Jamie C. Chanin

  • Young v. Holder Makes a Case for Citizenship

    February 2,2011

    On January 28, 2010 the Ninth Circuit issued a decision in Young v. Holder, 07-70949 (available here).  That decision should serve as encouragement to all long time permanent residents to consider becoming U.S. citizens. Being a permanent resident is lovely.  It allows an alien to enter the U.S. without a hassle, to petition certain members of his or her family to also obtain permanent resident status, and to live and work in the U.S. without threat of deportation.  That is, unless the alien violates the terms of his or her residency.  There are many ways to spoil the fun, and they are mostly contained in section 237 of the Immigration and Nationality Act (see more here).  And Now Citizenship.  After five years of being a permanent resident (3 years if you are married to and living with a U.S. citizen), an alien is eligible to apply for citizenship.  To do so, he or she must be proficient in written and spoken English, must pass a civics/government test, must be willing to take an oath of allegience to the U.S., and must otherwise satisfy the qualifications for naturalization.  There are a gazillion exceptions to everything I just said, but you get the idea.

    (read more)

    Emily K. Allen

  • First Impression Decision: Under WARN Act Quitting Due to Business’s Imminent Closing is Not “Voluntary Departure”

    January 27,2011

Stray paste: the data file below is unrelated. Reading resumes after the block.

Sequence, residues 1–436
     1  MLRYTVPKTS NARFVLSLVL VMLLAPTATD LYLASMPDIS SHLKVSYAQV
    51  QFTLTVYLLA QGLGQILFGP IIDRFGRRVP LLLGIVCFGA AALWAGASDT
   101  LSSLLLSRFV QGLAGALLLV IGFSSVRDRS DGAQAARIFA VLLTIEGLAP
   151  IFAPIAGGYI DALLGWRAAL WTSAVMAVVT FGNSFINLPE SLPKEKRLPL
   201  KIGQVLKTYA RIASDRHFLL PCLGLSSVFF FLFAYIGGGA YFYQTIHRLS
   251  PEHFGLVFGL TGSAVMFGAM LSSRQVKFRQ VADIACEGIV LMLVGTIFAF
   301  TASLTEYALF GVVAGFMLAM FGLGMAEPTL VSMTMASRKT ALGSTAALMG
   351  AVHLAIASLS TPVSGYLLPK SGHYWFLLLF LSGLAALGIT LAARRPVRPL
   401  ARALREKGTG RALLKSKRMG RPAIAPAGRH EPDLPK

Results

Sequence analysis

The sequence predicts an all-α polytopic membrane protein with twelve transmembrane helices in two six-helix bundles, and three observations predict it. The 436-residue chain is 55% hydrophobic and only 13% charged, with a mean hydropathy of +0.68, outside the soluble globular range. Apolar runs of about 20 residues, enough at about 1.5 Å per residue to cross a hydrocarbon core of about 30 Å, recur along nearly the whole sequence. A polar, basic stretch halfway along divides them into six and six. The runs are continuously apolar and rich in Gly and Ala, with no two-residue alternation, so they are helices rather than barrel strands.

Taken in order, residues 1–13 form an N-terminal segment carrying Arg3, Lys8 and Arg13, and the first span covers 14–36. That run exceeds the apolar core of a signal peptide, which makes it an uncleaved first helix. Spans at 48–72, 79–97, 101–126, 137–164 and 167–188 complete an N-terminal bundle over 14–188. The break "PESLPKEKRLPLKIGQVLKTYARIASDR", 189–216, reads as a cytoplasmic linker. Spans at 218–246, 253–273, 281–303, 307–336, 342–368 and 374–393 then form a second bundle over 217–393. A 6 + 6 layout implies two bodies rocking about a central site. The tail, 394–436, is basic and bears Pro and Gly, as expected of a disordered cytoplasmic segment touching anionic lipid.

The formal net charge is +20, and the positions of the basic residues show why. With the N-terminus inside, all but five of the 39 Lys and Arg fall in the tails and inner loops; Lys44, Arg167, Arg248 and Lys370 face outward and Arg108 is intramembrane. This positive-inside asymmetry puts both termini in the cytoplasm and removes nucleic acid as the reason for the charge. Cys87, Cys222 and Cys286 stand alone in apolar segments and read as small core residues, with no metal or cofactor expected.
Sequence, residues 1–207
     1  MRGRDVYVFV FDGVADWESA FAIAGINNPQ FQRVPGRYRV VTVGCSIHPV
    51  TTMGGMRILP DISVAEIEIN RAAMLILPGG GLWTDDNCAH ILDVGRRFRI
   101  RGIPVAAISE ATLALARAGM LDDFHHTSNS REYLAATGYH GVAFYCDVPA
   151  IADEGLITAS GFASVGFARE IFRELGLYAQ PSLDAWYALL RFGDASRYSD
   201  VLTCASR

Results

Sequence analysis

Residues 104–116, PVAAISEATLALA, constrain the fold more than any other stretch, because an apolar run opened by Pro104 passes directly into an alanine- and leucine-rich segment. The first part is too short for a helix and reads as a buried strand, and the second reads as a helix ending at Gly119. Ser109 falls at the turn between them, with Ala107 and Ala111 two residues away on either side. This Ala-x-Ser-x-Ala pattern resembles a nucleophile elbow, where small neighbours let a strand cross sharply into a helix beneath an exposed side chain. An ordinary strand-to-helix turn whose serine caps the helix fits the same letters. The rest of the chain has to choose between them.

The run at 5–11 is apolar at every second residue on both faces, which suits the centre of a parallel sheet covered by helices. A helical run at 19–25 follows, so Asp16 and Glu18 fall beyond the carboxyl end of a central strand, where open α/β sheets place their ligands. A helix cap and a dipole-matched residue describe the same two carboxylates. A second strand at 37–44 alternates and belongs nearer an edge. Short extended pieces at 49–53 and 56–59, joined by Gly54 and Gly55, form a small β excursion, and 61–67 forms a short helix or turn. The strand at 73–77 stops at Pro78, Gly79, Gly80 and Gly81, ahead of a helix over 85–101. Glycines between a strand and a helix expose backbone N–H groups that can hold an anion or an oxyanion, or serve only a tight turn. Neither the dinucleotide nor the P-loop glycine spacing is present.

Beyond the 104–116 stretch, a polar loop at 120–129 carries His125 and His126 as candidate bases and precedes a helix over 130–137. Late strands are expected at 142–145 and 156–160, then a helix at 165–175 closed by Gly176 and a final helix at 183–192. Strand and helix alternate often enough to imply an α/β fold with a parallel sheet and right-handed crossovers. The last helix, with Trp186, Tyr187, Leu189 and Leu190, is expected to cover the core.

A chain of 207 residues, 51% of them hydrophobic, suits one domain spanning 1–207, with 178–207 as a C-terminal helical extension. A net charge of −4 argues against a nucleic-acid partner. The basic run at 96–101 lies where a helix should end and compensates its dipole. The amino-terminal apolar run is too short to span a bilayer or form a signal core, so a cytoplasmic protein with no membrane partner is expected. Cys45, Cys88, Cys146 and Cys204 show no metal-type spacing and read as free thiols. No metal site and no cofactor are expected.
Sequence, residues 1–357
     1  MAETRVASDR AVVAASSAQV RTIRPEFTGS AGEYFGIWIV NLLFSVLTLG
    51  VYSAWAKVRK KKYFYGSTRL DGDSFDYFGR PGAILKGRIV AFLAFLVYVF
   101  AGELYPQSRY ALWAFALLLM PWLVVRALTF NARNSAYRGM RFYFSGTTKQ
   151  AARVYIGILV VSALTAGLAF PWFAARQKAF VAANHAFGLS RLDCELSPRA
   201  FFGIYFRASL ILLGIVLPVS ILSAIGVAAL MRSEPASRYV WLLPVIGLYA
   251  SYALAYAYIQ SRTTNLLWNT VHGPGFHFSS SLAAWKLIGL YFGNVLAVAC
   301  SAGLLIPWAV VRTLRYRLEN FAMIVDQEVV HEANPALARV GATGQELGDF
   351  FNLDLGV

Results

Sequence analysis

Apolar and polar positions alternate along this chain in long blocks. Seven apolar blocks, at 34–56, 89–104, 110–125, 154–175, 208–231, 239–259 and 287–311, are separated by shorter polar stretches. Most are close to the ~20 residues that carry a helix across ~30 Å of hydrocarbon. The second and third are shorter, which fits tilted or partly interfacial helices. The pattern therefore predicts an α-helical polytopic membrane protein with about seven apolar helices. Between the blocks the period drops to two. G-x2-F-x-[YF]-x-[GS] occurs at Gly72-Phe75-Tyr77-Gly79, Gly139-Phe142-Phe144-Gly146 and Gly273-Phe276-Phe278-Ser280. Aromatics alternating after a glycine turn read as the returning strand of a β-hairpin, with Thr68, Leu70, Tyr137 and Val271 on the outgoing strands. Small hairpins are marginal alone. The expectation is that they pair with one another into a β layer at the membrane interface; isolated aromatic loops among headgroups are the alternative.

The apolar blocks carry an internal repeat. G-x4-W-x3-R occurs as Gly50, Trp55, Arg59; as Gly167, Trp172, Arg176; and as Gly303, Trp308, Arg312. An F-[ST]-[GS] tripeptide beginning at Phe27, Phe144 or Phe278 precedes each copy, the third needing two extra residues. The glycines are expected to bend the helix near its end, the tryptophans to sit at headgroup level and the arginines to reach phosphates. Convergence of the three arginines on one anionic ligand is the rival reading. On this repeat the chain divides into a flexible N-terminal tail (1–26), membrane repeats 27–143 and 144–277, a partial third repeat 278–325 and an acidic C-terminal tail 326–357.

The Court in Collins v. Gee West Seattle LLC (No. 09-36110, opinion by Judge N.R. Smith available here) determined the meaning of the term “voluntary departure” under the Worker Adjustment and Retaining Notification (“WARN”) Act, 29 U.S.C. section 2101 et seq. On an issue of first impression for the Ninth Circuit, the Court held that if an employee leaves a job because the business is closing that employee has not voluntarily departed, but instead has suffered an “employment loss” within the meaning of the WARN Act.  In Collins, the employer, Gee West Seattle LLC (“Gee West”), operated several automobile franchises.  Due to financial losses, Gee West attempted to sell the business beginning in July of 2007.  On September 26, 2007, Gee West informed its employees that it was pursuing a sale of the business and that if the sale could not be finalized by October 7, 2007 the company would be shutting down.  Employees were further notified that notice could not be provided earlier because “Gee West was actively seeking business to keep the business running…and it was concerned that potential purchasers would not make a purchase, had its workforce been seeking alternate employment.” Prior to its potential -closing announcement, Gee West had approximately 150 employees.  Following the announcement, several employees stopped reporting to work.  By October 5, 2007, only 30 employees reported to work at Gee West’s facilities.  Each employee who terminated his or her respective employment after September 26, 2007 stated that he or she had done so because the “business closed.”  Gee West officially closed on October 5, 2007, because too few employees remained to continue operations.  The employees brought suit claiming Gee West violated the WARN Act by not providing 60-days notice to its employees before closing its doors.  The district court granted Gee West’s motion for summary judgment finding that the approximately 120 employees who had "voluntarily departed" Gee West had not suffered an “employment loss” as defined by the WARN Act.